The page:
This year’s powderpuff game made history by being the first of its kind in Providence Academy history.
With another homecoming came yet another highly anticipated powder puff game, a tradition in many schools. However this year’s game came with a few changes. This year’s powderpuff game brought new regulations that added to the intensity and safety of the game. These new rules included certified refs, permission slips and an on site trainer.
These new regulations increase the overall intensity and fun of the game.
However, the student body had varying opinions on these regulations as well as an oversight on the game. Claire Christianson 18’ noted that these regulations ruined the intensity “when varsity athletes were not allowed to participate.”
This was a view shared by many students, including Ben Sellman 17’, who said, “there was not as much fierce competition as there has been in previous years when athletes were allowed to play.”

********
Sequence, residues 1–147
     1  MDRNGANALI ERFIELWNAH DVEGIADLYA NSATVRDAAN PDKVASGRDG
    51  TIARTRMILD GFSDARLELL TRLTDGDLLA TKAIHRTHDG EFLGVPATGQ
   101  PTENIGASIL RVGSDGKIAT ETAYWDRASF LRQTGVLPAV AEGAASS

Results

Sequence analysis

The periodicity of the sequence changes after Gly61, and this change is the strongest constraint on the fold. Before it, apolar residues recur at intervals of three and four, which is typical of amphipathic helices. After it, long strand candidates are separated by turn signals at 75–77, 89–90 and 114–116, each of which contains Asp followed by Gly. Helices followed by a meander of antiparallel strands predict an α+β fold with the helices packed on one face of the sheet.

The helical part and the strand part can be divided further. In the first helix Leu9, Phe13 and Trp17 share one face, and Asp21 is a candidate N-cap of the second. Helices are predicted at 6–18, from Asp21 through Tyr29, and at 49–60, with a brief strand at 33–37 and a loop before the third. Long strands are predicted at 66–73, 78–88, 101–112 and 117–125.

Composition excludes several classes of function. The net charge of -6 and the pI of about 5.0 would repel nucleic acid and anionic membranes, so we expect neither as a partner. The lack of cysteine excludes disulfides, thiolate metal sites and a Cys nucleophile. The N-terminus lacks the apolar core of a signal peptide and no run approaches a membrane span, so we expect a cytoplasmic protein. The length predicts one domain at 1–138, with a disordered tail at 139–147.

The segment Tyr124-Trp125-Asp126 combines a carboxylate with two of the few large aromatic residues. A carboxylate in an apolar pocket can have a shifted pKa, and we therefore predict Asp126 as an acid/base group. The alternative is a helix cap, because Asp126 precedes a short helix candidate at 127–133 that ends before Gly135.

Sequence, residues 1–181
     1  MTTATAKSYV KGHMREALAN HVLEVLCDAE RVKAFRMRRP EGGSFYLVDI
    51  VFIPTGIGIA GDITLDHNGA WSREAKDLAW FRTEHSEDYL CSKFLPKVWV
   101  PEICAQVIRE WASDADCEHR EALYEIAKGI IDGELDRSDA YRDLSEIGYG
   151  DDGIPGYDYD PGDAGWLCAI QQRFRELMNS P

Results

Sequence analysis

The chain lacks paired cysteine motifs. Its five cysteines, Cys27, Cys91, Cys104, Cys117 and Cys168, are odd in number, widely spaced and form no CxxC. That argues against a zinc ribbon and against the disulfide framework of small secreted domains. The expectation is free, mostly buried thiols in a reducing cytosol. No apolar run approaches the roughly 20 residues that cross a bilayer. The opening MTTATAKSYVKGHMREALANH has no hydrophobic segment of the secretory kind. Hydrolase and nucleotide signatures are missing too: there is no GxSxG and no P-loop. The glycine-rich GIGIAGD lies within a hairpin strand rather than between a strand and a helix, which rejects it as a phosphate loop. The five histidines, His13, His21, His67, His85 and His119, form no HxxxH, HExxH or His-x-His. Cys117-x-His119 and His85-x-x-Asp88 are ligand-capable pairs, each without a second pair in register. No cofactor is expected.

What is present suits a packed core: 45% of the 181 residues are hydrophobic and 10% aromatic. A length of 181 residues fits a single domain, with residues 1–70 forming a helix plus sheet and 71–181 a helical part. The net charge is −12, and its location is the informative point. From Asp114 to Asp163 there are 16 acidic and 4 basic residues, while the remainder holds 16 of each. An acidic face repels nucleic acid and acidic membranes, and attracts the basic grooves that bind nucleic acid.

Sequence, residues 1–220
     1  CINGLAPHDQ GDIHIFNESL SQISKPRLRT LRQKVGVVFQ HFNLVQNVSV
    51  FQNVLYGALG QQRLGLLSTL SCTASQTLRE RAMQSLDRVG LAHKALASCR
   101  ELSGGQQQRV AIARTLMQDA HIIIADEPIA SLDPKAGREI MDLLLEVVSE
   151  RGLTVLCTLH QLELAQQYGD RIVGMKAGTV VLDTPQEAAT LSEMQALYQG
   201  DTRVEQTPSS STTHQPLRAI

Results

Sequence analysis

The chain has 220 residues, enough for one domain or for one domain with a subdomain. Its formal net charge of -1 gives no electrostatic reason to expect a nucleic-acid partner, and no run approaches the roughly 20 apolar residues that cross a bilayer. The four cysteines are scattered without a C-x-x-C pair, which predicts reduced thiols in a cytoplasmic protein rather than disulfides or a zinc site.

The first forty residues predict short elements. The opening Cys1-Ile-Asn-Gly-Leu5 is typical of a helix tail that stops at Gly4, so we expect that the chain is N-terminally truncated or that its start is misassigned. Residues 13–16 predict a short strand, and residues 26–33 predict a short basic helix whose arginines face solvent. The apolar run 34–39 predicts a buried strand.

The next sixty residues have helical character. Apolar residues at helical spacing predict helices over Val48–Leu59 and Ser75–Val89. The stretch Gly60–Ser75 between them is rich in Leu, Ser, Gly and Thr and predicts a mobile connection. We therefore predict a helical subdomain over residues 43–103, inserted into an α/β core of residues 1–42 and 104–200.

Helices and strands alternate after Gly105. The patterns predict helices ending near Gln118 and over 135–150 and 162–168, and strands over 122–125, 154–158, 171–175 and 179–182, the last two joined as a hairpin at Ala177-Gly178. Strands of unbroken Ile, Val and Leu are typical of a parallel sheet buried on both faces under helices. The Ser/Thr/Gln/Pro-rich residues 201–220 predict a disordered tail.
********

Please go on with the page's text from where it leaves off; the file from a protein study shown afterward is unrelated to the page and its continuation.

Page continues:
This was not the idea when the policy was created. The initial thought was that players would require a permission slip with a signature from their sports coaches.
Sarah White ‘16 says, “the rules were supposed to be put in place to make it less likely anyone would be hurt, but then a lot of people still weren’t allowed to play because of coaches not wanting them to get hurt, so I’m not sure the regulations entirely accomplished their point.”
Despite this negative view of the new rules, a silver lining was found by White who said it, “kind of brings our whole class together in the excitement.”
This comes from the fact that not only were the grades playing on the new football field but were also able to cheer against one another. This meant even those not allowed to play by their coaches joined in the fun.
The new regulations also brought a new level of excitement says Alex Moudry ‘16, “this year’s game was more like a real game, which put a lot more pressure on the coaches to perform. It felt great to pull if off and beat the juniors in an entirely fair game.”
This is an opinion felt by all members of the senior team, Natalie Luxem 16’ even saying, “I’m glad we beat them legally. Then again, was there any question whether we were going to? Seniors rock, that’s it”.
Fostering this spirit was the ideal of the new regulations, which were to make the game safer, more fair and more fun. Overall, the new rules brought a fresh twist on a time tested tradition.